The treatment, called MDG1011, will be tested in 92 patients with blood cancer, including acute myeloid leukemia, myelodysplastic syndrome, and multiple myeloma.

    MDG1011 is Medigene’s first immunotherapy to reach clinical stage. It is made of a patient’s own T-cells, armed with T-cell receptors (TCR) that target the tumor-associated protein PRAME. Called TCR-modified T-cell therapy, it is designed to overcome patients’ tolerance toward cancer cells.

    The multicenter, open-label trial, which will be conducted in Germany, will address the safety, feasibility, and preliminary effectiveness of MDG1011.

    It will be carried out in two parts. In Phase 1, researchers will enroll approximately 12 patients with PRAME-positive advanced disease to test different doses of MDG1011. Patients will receive initial treatment with chemotherapy medications cyclophosphamide and fludarabine, followed by MDG1011 transfusion. After completing the treatment, participants will be followed for four weeks.

    Each dose will be tested in all three blood cancers. The effects of MG1011 will be analyzed at three months of treatment with a total follow-up period of up to 12 months.

    After the treatment has been determined safe by independent evaluation, Phase 2 will be conducted in two of the three cancer indications. A total of 40 PRAME- and HLA-A*02:01-positive patients will be treated with MDG1011. HLA-A*02:01 is a specific type of human leukocyte antigen that is critical for effective T-cell binding to cancer cells.

    Forty more patients, who exhibit PRAME but not HLA-A*02:01 will make up the control groups.

    Scientists will primarily address safety and tumor reduction with MSG1011 at three months of treatment. Other assessments will include duration of response, time to disease progression, quality of life, correlation of PRAME levels with anti-cancer response, and overall survival, which is the length of time patients live after starting treatment. Patients will be followed for an additional 12 months after treatment.

    “Attaining these approvals for MDG1011 is an important step towards the start of our clinical trial, and a further validation of our research and product development work,” Kai Pinkernell, MD, senior vice president of clinical affairs and chief medical officer at Medigene, said in a press release.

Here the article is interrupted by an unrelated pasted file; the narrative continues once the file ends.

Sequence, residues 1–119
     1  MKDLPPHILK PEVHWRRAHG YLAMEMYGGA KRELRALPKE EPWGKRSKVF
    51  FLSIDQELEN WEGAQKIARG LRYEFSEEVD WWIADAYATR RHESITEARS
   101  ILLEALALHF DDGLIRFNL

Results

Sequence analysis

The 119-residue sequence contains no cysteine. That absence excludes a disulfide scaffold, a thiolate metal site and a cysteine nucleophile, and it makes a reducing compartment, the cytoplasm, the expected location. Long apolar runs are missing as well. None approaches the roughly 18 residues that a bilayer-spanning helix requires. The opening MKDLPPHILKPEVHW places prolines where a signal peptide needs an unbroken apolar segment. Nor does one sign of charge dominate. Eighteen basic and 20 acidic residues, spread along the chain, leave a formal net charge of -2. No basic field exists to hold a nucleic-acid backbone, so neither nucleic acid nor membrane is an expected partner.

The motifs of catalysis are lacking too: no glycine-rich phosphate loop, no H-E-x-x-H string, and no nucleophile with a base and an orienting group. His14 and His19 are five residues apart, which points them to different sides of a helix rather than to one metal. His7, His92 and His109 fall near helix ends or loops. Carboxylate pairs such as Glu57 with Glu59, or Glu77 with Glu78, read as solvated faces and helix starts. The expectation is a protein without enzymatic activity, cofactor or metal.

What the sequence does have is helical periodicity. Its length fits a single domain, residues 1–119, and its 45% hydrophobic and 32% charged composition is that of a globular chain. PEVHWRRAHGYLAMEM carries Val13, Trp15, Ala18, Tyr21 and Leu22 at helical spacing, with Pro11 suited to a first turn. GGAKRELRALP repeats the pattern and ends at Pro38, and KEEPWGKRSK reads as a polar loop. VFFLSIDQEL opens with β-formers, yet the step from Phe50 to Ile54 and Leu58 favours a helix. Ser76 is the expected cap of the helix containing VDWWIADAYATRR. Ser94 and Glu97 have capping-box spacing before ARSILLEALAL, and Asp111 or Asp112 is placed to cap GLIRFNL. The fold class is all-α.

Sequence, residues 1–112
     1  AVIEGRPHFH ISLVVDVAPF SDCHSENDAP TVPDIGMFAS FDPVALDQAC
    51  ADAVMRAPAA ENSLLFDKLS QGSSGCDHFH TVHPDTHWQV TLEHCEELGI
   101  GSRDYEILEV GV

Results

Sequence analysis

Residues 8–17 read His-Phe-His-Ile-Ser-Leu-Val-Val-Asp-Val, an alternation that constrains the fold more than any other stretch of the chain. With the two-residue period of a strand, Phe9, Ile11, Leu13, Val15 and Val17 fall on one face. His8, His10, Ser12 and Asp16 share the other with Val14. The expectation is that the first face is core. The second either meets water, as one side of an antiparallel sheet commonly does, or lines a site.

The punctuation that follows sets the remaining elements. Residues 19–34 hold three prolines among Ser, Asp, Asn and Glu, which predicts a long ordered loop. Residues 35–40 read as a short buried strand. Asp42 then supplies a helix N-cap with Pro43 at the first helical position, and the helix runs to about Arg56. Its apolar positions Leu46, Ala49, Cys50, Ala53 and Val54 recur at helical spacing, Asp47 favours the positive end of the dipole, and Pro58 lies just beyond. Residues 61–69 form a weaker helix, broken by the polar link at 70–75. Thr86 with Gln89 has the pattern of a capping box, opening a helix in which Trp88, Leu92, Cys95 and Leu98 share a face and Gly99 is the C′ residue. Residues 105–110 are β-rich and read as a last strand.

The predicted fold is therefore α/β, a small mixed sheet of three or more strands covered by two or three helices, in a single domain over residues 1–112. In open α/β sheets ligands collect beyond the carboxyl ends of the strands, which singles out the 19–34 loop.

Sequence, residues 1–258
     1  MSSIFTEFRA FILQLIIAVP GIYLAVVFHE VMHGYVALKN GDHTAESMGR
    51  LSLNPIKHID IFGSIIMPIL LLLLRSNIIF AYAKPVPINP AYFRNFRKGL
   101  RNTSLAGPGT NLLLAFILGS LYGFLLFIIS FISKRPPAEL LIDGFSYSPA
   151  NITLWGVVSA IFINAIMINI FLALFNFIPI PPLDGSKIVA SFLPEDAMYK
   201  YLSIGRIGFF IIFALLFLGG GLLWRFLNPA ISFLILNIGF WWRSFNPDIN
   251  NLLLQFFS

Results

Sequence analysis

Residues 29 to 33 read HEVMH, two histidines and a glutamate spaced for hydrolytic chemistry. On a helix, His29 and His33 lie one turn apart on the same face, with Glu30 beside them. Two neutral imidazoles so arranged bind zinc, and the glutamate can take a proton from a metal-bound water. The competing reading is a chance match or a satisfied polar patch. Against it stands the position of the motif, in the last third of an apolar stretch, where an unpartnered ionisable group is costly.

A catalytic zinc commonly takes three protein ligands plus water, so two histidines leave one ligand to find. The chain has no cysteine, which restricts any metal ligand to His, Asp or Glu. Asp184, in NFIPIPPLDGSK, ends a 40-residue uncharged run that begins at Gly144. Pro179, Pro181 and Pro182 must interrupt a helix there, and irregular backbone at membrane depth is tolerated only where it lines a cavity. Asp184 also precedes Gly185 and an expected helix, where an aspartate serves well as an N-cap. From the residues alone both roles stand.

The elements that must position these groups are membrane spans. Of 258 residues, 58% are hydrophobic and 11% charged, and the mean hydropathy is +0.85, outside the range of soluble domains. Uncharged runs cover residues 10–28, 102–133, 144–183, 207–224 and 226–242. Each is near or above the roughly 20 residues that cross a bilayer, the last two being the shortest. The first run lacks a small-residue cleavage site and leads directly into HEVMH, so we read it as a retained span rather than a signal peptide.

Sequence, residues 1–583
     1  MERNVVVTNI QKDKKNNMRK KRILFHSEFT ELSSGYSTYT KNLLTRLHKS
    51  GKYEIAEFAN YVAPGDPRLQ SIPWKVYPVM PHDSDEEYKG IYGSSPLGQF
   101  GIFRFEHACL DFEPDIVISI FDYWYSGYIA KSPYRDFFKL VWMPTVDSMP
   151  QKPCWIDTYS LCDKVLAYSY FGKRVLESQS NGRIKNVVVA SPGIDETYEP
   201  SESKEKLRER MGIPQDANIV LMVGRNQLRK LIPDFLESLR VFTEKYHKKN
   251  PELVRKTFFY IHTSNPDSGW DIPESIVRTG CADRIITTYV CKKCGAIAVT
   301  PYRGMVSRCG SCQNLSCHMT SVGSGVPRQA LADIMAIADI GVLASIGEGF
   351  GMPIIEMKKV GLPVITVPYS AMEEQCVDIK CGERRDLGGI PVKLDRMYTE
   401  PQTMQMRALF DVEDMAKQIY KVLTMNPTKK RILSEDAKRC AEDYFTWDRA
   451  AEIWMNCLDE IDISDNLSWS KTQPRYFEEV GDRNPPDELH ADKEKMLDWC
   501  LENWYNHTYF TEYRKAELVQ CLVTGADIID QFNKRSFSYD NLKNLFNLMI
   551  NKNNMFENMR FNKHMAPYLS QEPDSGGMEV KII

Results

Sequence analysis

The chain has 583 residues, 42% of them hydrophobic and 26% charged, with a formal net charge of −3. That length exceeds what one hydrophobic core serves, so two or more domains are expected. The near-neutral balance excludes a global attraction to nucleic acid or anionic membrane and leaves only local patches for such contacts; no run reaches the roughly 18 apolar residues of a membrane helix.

“With our specific study design, we are able to evaluate our T-cell therapy simultaneously in various diseases and to generate data in three hematological indications in parallel,” he said.

    From Myeloma Research News

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    WNMyeloma posted an update

    Now being a firefighter is a cancer risk

    A new danger: Firefighters take on cancer threat

    A 2010 study conducted by the Centers for Disease Control and National Institute for Occupational Safety and Health of 30,000 firefighters across the country found higher rates of cancer than the general population.

    “What has become almost an epidemic in the fire service is the increase in the number of cancer-related illnesses across the world in the fire service,” said Brian Jones, president of the Professional Firefighters of West Virginia.

    A firefighter in Morgantown, Jones is one of the estimated 800 firefighters from around the country who attended the annual Alfred K. Whitehead Legislative Conference in Washington, D.C. March 5-7.

    Firefighters roughly 30 years ago were most often diagnosed with asbestos-related cancers, Jones said. Today, the cancers are more often leukemia, lymphoma or myeloma.

    “The studies really didn’t start to the early 2000s; we’re kind of late to the ball,” Jones said.

    Firefighters are backing legislation introduced in Congress to establish a national firefighter cancer registry to get a firm handle on the number of deaths, Jones said. Firefighters hope such a cancer database will get them a better handle on the problem.

    “Any firefighter — no matter what the cause — if they’ve contracted any type of cancer, the information would be put into a database,” Jones said. “It would give us a picture of who is getting cancer, what type they’re getting and what might be leading to that.”

    Up until the early1970s, building materials were, for the most part, natural products, Jones said. Subsequently, petro products started to be used in household plumbing and furniture products.

    “The building material and such that have been used for the past 30 to 40 years are a lot more carcinogenic than previous materials,” Jones said. “With the carcinogens in all the plastics and such, when they burn they give off a lot of different things that are directly related to certain types of cancer.

    “When they burn, there is nastier, thicker black smoke in the fire than years ago–a lot of that stuff is carcinogenic,” Jones said. “They’ve identified hundreds of carcinogens that are bi-products of some the fires that we see in all types of incidents.”

    Jones said a better understanding of the demographic getting these cancers is needed.

    “When we’ve done these studies, you are at the mercy of a small size,” he said. “We need a better sample size, so that we can see men vs. women, some types of minorities, whether it’s a West Coast problem or an East Coast problem.”

    The West Virginia House of Delegates is considering a bill that would presume certain kinds of cancers and specific respiratory ailments suffered by firefighters are work-related. The Senate passed the measure with a 33-0 vote Feb. 27.

    Introduced by Sen. Ryan Ferns, R-Ohio, SB 82 amends the state’s workers compensation laws to include rebuttable presumptions for certain injuries and diseases for professional firefighters. Injuries covered would include leukemia, lymphoma, or multiple myeloma arising out of and in the course of employment as a firefighter on July1, 2023.